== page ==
Three State Department 'whistleblowers' to testify next week on Benghazi

Three State Department officials described by Republicans as “whistleblowers” with damning insider knowledge about the attack on the U.S. mission in Benghazi will testify next week.

The House Oversight Committee identified the three witnesses as Gregory Hicks, the deputy chief of mission at the U.S. Embassy in Tripoli during the attack; Mark Thompson, the deputy coordinator for operations in the agency’s Counterterrorism Bureau; and Eric Nordstrom, a diplomatic security officer who was the top security officer in the country in the months leading up to the attacks.

They are expected to testify before Rep. Darrell Issa's (R-Calif.) panel on Wednesday.

“I applaud these individuals for answering our call to testify in front of the Committee,” Issa said in a statement. “They have critical information about what occurred before, during, and after the Benghazi terrorist attacks that differs on key points from what Administration officials – including those on the Accountability Review Board – have portrayed.”

“Our committee has been contacted by numerous other individuals who have direct knowledge of the Benghazi terrorist attack, but are not yet prepared to testify,” he added. “In many cases their principal reticence of appearing in public is their concern of retaliation at the hands of their respective employers. While we may yet add additional witnesses, this panel will certainly answer some questions and leave us with many new ones.”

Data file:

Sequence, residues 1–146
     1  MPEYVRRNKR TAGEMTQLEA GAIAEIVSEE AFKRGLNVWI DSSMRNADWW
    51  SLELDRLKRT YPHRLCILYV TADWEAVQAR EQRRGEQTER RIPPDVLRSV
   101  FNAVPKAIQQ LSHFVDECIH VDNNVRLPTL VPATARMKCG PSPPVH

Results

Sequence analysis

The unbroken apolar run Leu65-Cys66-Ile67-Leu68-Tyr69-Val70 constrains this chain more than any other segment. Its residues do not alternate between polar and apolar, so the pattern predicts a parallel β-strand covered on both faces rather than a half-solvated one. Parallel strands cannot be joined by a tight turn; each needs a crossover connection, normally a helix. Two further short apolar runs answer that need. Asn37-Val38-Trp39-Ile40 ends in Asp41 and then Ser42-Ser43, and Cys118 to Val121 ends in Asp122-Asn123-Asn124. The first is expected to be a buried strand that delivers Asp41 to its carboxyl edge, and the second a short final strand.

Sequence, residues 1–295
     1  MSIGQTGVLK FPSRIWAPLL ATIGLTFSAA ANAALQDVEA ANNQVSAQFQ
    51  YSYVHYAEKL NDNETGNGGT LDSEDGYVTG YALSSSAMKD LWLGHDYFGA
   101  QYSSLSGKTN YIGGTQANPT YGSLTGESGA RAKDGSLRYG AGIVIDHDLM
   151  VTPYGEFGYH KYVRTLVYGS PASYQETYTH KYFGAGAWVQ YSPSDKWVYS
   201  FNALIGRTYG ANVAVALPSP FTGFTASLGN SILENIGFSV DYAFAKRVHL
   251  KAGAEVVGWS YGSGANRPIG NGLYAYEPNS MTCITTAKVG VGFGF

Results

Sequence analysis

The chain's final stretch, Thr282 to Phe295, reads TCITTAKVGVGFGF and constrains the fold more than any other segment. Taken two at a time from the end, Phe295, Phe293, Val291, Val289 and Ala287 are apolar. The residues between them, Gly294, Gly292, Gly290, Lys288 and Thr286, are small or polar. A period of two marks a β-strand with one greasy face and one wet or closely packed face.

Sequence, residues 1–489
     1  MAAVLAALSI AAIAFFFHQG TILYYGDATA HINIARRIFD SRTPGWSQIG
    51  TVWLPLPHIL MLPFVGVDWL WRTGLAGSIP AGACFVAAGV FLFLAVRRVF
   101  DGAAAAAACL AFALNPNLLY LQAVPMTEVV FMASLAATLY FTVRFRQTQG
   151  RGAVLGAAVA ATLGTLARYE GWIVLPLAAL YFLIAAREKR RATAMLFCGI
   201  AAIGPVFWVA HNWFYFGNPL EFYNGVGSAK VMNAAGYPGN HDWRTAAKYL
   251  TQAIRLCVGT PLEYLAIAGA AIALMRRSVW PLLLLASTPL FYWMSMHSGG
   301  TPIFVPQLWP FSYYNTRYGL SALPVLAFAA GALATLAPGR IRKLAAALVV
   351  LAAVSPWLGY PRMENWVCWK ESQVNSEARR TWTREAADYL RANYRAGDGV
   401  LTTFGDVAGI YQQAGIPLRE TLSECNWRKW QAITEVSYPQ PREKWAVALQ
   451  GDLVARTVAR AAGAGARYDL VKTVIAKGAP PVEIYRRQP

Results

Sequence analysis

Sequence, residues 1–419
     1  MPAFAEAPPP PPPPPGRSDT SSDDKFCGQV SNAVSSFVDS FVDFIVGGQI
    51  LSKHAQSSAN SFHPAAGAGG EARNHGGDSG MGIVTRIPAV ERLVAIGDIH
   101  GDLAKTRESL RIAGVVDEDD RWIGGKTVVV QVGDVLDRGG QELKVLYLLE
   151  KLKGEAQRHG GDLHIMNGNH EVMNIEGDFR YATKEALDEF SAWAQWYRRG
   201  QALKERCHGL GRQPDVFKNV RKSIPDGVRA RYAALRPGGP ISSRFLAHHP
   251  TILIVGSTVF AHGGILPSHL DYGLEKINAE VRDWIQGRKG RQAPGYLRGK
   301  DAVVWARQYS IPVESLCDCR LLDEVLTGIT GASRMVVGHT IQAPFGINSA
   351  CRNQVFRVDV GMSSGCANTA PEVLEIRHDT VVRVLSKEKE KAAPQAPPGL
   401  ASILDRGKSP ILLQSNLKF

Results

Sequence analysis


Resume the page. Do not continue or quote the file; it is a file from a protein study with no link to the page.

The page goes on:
Nordstrom offered some of the most pointed criticism of the security deficiencies in Libya when he testified before Issa's committee last year that State Department officials in Washington denied repeated requests for more protection for the mission. The other two officials have not been heard from publicly before.

“The takeaway … for me and my staff, was abundantly clear — we were not going to get resources until the aftermath of an incident,” Nordstrom testified in October. “And the question that we would ask is: How thin does the ice have to get before someone falls through?”

"For me,” he said, “the Taliban is on the inside of the [State Department].”

The hearing comes as House Republicans are refocusing their attention on the attack that killed Ambassador Christopher Stevens and three other Americans amid calls by more than half the Republican Conference to create a select committee to investigate the Obama administration's actions before, during and after the events of last Sept. 11. House Republicans say the Obama administration has threatened whistleblowers with retaliation and prevented them from coming forward, something the State Department has strongly denied.

An independent State Department review of the attack faulted Hillary ClintonHillary Diane Rodham ClintonGOP struggles with retirement wave Overnight Energy: Trump to revoke California's tailpipe waiver | Democrats propose bill to revoke Trump endangered species rollback | Trump officials finalize rule allowing fewer inspectors at pork plants Mark Mellman: The most important moment in history? MORE's State Department for “systemic failures and leadership and management deficiencies.” It did not recommend anybody be fired, however, because it “did not find reasonable cause to determine that any individual U.S. government employee breached his or her duty.”